In the eyes of many people in the second half of the twentieth century science had encountered a real epistemological and identity crises. If concepts like fields and waves, invisible forces (gravity) and movements, heat and entropy had already had the character of the bizarre and incomprehensible for non-physicists in the nineteenth century, these concepts […]
In the eyes of many people in the second half of the twentieth century science had encountered a real epistemological and identity crises. If concepts like fields and waves, invisible forces (gravity) and movements, heat and entropy had already had the character of the bizarre and incomprehensible for non-physicists in the nineteenth century, these concepts were still quite comprehensible in comparison to those that physicists had to develop in the 20th century in order to describe the nature of the atoms on the one hand and the vastness of the universe on the other. The concepts of quantum theory and relativity on space, time, and matter vastly contradict our daily experiences. And the central role of chance in the theory of heredity fitted very little in the belief system of people. At the same time, the insights of the physicists (and later the biologists) had created mighty instruments that expose mankind to existential dangers. The scientists were thus confronted with social criticism in which latest with the nuclear mushrooms over Hiroshima and Nagasaki emerged the outline of an enormous social responsibility. In addition to these ethical dilemmas, there were tangible conflicts of interest. Last but not least, the growing complexity of large-scale scientific projects such as the Manhattan Project, NASA’s moon program, the LHC at CERN, or the nuclear fusion reactor ITER (referred to as ‘big science’) led to a fragmentation and ever greater lack of clarity within the scientific landscape causing methodological doubts on the side of the scientists themselves.
We might consider all this “growing pain” in the sciences’ path towards adulthood. Within a few years the scientists had had to say goodbye to what they had considered profound certainties. They had seen entire buildings of thought collapse (and this in times of great geopolitical unrest), then suddenly faced a multitude of new knowledge, but nevertheless clearly understood how little they still knew about central aspects of nature and man.
In the second decade of the 21st century this crisis seems to be overcome. The great confusion surrounding the interpretation of quantum physics and heredity theory is over. We have grown used to the dangers of nuclear energy and genetic manipulation. One might even think that the natural sciences are as healthy and lively as never before. Over the last 25 years, they have celebrated unprecedented successes: new frontiers in cosmology, breathtaking discoveries in the field of genetics, breakthroughs in neuroscience, technological upheavals in nanophysics, new exciting possibilities in information science, novel quantum technologies, and much more. And did the World Wide Web not have its origin with the particle physicists at CERN? In giant steps we walk ahead. There is an irrepressible scientific curiosity, and technological revolutions create unprecedented economic and social opportunities. Even though the public is hardly aware of all this.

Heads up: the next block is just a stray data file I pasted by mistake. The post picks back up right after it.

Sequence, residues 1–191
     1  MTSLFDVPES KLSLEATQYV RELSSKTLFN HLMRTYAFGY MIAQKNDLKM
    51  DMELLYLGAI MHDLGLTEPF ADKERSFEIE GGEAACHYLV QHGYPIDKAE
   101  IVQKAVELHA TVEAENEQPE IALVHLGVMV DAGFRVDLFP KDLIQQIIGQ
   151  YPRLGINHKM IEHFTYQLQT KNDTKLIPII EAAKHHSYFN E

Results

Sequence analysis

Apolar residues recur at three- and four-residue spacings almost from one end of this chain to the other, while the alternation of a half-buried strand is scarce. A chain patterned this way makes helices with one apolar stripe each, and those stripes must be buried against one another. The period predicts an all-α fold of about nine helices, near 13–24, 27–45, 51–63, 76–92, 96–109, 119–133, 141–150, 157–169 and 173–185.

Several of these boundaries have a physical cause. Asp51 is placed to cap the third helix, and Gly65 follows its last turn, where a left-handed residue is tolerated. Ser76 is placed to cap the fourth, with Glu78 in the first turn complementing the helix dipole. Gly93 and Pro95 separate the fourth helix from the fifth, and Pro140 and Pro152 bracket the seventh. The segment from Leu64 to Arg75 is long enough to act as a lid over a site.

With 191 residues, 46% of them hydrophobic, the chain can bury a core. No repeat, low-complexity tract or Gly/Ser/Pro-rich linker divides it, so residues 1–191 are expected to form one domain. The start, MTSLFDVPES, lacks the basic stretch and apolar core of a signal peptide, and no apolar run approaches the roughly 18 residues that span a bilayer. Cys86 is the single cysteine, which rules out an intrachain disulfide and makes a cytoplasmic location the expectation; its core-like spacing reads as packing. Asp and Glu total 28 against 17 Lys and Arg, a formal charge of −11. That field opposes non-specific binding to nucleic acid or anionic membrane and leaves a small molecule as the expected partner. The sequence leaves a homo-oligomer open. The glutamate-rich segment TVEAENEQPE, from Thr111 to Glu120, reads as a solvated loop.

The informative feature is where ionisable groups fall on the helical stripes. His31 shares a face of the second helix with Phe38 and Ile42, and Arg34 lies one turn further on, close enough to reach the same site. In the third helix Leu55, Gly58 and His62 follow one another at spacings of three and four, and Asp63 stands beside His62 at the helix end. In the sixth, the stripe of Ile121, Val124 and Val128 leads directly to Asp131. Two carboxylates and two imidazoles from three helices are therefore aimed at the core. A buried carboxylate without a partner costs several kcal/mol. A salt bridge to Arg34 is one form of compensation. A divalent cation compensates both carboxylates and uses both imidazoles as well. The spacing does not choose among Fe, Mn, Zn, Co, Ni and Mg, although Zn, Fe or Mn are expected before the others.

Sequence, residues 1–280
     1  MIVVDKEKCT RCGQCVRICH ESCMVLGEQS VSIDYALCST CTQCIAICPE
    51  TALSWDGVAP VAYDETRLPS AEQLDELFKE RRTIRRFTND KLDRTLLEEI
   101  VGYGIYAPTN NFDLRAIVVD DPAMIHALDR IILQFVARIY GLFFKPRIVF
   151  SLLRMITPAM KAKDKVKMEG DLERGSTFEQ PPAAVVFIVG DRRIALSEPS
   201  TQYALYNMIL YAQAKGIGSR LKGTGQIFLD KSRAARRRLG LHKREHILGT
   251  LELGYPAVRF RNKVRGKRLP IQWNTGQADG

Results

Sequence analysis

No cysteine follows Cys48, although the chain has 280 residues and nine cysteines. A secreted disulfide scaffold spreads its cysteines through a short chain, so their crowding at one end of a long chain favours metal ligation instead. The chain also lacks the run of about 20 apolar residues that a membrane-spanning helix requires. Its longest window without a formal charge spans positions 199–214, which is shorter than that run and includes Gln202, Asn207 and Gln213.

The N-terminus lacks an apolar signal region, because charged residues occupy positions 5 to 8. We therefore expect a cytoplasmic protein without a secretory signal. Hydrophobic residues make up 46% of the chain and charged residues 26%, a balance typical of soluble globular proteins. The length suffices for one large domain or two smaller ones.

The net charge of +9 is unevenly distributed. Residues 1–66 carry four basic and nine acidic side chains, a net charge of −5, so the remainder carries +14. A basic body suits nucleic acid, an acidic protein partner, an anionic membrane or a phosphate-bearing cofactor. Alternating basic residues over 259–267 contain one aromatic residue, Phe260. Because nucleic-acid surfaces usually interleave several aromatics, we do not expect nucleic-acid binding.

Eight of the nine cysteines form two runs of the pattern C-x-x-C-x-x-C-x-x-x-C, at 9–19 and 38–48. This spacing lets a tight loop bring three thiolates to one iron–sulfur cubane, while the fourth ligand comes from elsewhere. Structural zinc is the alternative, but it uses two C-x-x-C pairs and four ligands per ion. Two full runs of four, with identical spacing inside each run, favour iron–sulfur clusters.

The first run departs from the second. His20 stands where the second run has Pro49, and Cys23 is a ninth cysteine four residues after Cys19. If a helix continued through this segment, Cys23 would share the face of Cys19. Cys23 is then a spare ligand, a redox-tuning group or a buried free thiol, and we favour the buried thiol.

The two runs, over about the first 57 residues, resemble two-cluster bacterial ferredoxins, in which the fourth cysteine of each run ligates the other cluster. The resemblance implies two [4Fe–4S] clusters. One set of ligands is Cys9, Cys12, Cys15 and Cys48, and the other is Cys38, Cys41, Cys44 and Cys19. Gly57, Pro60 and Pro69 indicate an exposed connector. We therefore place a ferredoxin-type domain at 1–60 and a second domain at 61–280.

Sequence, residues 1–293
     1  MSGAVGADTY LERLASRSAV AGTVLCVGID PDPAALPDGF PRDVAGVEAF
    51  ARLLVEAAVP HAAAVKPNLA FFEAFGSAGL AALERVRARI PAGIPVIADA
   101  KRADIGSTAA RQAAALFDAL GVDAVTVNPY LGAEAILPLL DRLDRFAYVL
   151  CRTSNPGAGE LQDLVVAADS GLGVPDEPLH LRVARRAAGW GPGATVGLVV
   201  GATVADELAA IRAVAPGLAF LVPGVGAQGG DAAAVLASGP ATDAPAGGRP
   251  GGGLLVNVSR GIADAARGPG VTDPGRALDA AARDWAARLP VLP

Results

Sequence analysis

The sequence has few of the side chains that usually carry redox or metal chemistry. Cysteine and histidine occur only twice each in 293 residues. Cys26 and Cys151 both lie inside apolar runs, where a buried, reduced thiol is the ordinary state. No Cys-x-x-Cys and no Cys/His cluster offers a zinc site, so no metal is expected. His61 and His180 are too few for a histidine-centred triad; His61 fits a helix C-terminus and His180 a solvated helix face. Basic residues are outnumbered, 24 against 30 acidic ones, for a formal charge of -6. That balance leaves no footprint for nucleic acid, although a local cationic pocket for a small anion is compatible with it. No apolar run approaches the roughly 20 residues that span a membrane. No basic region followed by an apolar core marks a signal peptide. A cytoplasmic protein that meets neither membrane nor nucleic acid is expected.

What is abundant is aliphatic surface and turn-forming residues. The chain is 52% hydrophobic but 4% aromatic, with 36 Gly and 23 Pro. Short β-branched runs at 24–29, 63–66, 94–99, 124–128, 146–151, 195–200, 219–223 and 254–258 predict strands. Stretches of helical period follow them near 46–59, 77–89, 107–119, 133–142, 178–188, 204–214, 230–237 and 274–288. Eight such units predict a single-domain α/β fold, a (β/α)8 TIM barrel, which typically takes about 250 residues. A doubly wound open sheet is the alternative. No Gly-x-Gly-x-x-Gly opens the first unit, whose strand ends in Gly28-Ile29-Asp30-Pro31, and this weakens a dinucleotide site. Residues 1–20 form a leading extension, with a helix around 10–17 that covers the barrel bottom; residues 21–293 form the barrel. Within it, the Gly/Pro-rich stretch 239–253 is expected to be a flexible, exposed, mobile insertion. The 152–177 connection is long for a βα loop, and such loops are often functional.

Although such a statement may sound a little dilapidated, but a deeper consideration of the development of modern science compels us to realize that we are at the epochal threshold of a new age, a period of possibly further dramatic scientific discoveries, with which our ideas about our world and the universe, about space and time, about matter and substance, about man and nature will change dramatically once more. And at the same time we will experience technologies that, according to the physicist Michio Kaku, will enable us to move and manipulate objects with the sole power of our thoughts, new bio- and neuro-technologies will perfect our bodies, potentiate the abilities of our minds and extend our lives, the later perhaps even for an indefinite period. With the help of new nanotechnologies, we will transform objects into one another or make them emerge apparently out of nothing. Quantum computers will dominate complexities that today still leave us awed by their unpredictability and uncontrollability. The best-selling author Yuval Noah Harari (“A Brief History of Mankind”, 2014) already speaks of “Homo Deus,” the human being, who is soon to use genetic, neuro- and information technologies to obtain almighty (godlike) qualities.
Even those who (like the author of these lines) remain somewhat skeptical with respect to the scenarios of Kaku and Harari and some of their underlying assumptions (e.g. that the relationship between mind and matter will soon be resolved scientifically) will hardly get around recognizing that science has already gone some ways towards realizing these scenarios. “God-given” plagues like famine, pandemics, and war only remind us of a distant past (at least in the West), as Harari points out excessively in his new book (which of course does not mean that these do no longer exist in the world; they are simply no longer part of our everyday experience; at most we know of them through television from distant worlds and times). “What’s next?” we ask. Overcoming death? This possibility is already seriously contemplated (it is big topic in technology crazy Silicon Valley). Eternal happiness by manipulating our brain chemistry or physiology? Nothing new, one might think. What started with the hippies in the 1960s we have already grown quite a bit further, haven’t we?
In fact, science has reduced human suffering and increased our quality of life more effectively than any other spiritual tradition. And this not only by the means of modern medicine, but also with physics, chemistry and biology. A time traveler from 1917 would see the world of 2017 filled with prosperity and wealth, but also full of miracles and even sorcery. But whoever makes this statement and perhaps even endeavors deeper insights into the world and himself through the means of science quickly finds himself or herself labeled a “shoddy materialist” or even finds himself exposed to the accusation that he has given the highest sphere of knowledge away to the “cold” rationality of science.